Steve Case Takes The Blame For AOL-Time Warner

from the sounds-about-right dept

While lots of people were down on the idea of AOL merging with Time Warner from the very beginning, it always seemed like the idea behind it made plenty of sense. It was just the execution that was an absolute disaster. AOL clearly had puffed up stock and no broadband plans. Teaming with Time Warner would give them the broadband offering in Road Runner, along with plenty of other services that they could use to transform into a true broadband company. What happened, however, was that just about everyone dropped the ball. AOL and Road Runner continued to be so separate that they even found themselves competing against each other. When Steve Case was forced out two years ago, it seemed like everyone as blaming him for the collapse of AOL-Time Warner. At the time, I suggested that Case’s mistake was not the vision he had, but that he failed to bring in executives who would execute it — instead leaving existing execs in place who got into turf wars and basically did nothing to make the deal work. In an event at the Computer History Museum tonight, Steve Case basically suggested the same thing. He admitted the failure was his own fault, but that it was one of execution, not vision. He says he never should have been running a 90,000 person company, and he failed in getting people who actually believed in the vision of how the two companies could work together, rather than against each other.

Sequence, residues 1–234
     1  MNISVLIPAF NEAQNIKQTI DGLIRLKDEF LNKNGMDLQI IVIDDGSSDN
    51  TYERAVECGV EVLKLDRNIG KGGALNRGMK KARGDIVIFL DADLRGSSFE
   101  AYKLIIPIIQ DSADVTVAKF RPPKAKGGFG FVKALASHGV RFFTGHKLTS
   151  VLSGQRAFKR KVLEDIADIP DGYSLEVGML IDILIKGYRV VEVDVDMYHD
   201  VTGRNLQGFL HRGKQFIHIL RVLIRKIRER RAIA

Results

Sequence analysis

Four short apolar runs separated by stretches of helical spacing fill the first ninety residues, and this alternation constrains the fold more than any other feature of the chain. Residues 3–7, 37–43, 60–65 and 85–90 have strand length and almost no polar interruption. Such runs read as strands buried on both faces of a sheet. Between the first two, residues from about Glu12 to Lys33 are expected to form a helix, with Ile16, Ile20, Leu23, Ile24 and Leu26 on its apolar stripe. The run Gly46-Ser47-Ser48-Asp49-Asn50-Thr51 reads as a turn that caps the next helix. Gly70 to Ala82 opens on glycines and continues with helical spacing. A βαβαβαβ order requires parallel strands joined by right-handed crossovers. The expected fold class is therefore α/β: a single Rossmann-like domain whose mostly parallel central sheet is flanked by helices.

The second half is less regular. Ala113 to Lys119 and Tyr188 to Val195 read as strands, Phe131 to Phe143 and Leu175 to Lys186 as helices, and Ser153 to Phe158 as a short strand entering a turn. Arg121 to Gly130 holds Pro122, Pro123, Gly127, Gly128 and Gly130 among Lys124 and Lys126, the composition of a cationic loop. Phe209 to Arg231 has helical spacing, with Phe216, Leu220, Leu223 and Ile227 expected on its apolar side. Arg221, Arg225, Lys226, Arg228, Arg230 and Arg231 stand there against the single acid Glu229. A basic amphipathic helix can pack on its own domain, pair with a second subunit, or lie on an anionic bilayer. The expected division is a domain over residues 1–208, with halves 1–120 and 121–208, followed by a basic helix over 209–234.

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Comments on “Steve Case Takes The Blame For AOL-Time Warner”

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Rod says:

Lack of reading

Maybe Steve Case should have read the book Execution: The Art of getting things done by Larry Bossidy and Ram Charan.

Basically even if you have executives that are focused on execution, if you as the leader still believe that delegating your vision is enough without getting deeply involved in the operation, you will have troubles eventually. CEO’s especially are having a switch on mentality toward an execution role, being involved in all aspects of the process and making sure things are getting done at all levels. Your team needs to know you are on top of things and involved with them, working toward the same objectives.

A “I will roll up my sleeves” kind of executive. The book is great and can be applied to many tasks in our lives as well.

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